Editor’s note: Reminder Publishing sent all six candidates for Westfield School Committee identical questionnaires covering several topics of interest to voters. The first two answers appeared in the Oct. 21 edition of The Pennysaver. Additional questions and answers will appear starting today in The Westfield News. Answers are in the candidates’ own words and have not been edited, except for spelling and punctuation. Responses are listed in the order that candidates will be listed in the ballot: incumbents first, then challengers, in alphabetical order.
Today’s question: What specific vote in the past four years do you wish the School Committee had decided differently, and why?
Timothy O’Connor: Voting to increase technology funding beyond what was proposed would have been more favorable. As a line item, we must continue to find ways to increase technology in the budget, with a focus on professional development costs, software costs, replacement costs, connectivity costs and retrofitting costs. We have made great strides to become a 1:1 device community, and future votes to add to a revolving account will continue to keep us current and competitive.
Heather Sullivan: I am going to stand by my record and have no regrets on the decisions and votes I have taken. I did my best to vote with integrity and with what I thought was best for all of our students and staff.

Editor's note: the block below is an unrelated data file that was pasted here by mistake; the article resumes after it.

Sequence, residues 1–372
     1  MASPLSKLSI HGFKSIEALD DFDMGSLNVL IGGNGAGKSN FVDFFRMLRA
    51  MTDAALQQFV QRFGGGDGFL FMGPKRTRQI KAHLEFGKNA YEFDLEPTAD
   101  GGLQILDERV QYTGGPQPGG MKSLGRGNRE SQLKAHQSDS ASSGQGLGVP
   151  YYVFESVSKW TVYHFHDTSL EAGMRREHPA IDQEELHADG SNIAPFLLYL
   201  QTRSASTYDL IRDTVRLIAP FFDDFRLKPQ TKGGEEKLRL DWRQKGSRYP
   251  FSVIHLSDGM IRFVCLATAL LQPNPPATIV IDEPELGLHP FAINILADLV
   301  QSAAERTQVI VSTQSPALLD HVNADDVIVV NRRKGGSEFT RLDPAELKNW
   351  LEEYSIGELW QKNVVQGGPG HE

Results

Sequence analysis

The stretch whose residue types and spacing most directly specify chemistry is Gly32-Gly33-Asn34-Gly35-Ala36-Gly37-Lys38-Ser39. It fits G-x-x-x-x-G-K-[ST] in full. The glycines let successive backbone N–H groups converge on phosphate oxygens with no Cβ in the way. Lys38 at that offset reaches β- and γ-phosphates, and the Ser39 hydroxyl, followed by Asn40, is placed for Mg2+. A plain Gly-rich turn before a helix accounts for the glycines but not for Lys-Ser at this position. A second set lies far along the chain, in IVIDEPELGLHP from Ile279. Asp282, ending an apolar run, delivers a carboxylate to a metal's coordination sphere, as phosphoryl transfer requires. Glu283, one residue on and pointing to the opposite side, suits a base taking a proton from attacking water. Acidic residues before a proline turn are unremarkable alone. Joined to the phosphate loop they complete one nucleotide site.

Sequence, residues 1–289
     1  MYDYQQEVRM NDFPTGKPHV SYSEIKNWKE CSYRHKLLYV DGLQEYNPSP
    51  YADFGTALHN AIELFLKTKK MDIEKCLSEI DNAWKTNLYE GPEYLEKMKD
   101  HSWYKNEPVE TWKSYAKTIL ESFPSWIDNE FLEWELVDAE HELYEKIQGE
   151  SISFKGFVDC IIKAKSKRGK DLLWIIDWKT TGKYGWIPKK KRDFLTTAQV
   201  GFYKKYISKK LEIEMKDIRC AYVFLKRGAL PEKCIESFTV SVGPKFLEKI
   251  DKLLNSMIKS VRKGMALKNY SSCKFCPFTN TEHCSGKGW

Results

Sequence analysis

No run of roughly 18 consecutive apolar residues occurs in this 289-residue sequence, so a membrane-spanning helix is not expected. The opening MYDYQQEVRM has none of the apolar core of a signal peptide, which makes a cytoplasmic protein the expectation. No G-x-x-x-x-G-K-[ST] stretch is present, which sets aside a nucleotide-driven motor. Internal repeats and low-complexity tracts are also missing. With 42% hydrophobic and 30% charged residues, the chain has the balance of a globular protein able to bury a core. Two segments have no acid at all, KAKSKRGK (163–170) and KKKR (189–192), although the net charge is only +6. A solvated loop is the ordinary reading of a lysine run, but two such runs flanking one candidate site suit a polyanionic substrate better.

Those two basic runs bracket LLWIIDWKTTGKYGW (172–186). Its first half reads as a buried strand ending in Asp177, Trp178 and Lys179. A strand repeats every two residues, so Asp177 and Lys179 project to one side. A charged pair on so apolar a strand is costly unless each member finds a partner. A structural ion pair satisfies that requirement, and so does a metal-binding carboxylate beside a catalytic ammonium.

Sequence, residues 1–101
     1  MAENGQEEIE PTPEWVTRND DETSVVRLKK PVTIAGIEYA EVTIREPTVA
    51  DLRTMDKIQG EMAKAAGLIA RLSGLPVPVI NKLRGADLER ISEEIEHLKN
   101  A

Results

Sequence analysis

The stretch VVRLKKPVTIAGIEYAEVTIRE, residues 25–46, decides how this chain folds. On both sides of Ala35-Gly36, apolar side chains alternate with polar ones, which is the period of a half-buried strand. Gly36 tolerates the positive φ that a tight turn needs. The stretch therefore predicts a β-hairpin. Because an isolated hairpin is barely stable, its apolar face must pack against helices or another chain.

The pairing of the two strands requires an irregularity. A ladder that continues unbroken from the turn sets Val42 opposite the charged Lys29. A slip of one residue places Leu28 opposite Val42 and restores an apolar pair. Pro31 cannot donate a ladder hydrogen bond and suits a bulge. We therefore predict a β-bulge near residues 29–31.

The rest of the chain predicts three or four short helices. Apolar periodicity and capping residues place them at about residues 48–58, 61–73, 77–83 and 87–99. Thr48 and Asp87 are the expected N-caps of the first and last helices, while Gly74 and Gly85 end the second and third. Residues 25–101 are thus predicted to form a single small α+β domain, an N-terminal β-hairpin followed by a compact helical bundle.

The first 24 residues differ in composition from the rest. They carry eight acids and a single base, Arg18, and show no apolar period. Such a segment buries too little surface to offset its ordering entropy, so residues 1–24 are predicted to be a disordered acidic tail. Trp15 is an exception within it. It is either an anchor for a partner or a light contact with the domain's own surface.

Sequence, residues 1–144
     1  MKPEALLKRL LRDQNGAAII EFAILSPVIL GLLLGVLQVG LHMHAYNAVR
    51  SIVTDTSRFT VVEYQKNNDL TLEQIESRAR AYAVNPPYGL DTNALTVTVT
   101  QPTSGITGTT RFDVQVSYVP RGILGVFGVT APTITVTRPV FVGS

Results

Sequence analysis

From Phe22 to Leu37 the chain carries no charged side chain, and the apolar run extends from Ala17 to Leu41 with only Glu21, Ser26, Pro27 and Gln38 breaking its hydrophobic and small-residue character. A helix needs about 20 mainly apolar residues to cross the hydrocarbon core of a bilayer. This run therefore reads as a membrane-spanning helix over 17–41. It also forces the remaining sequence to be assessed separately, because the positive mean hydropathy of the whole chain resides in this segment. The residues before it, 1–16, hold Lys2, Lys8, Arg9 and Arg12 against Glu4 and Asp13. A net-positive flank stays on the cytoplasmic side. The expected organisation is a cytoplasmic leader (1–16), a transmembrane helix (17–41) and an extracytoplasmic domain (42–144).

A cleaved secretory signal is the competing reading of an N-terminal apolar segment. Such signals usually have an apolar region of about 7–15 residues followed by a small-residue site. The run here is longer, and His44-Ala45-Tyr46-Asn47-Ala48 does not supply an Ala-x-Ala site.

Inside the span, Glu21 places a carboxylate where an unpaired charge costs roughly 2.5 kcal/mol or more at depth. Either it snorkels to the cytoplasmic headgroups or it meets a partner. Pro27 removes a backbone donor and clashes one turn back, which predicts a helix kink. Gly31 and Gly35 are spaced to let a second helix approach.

Martha Breton: The specific vote by the School Committee in the last four years that I wish had been decided differently is the vote allowing mask mandates and vaccine clinics in our high schools. I believe parents, not the School Committee, not the state government, not the federal government, should make the health care decisions for their own children.
Jeffrey Gosselin: The most important vote I wish was decided differently was the school budget, fiscal 2021. In May 2020, the School Committee proposal included $3 million in cuts, 33 positions. New proposals from school leadership could have avoided this. I would have reviewed the expense side of the budget, or suggested implementation of job analysis/needs assessments. For years, the Ashley Street School was a central office building, in our downtown area, creating great savings, increasing downtown foot traffic, and keeping costs down while delivering quality services.
Kathleen Hillman: These past two years have been very challenging for the Westfield schools, because of the pandemic. I do not want to criticize any of the School Committee’s decisions, because it has been an unprecedented time. The School Committee did the best they could with the information they possessed.
I do wish that Fort Meadow could be a separate program in their own building. I believe that a preschool environment should be separated from the elementary.
Tom Lewis: Many unprecedented and tough votes were made in the last two years. The committee was forced to make choices in a low-information, time-constrained environment. It is “not the critic that counts” but those “in the arena.” Since I was not present for the full debate, I am reluctant to second-guess those that were. If elected, my votes will be based on what is best for student safety and improving district academic achievement.
Additional questions and answers with the School Committee candidates will appear on Oct. 25, 27, 29 and 30.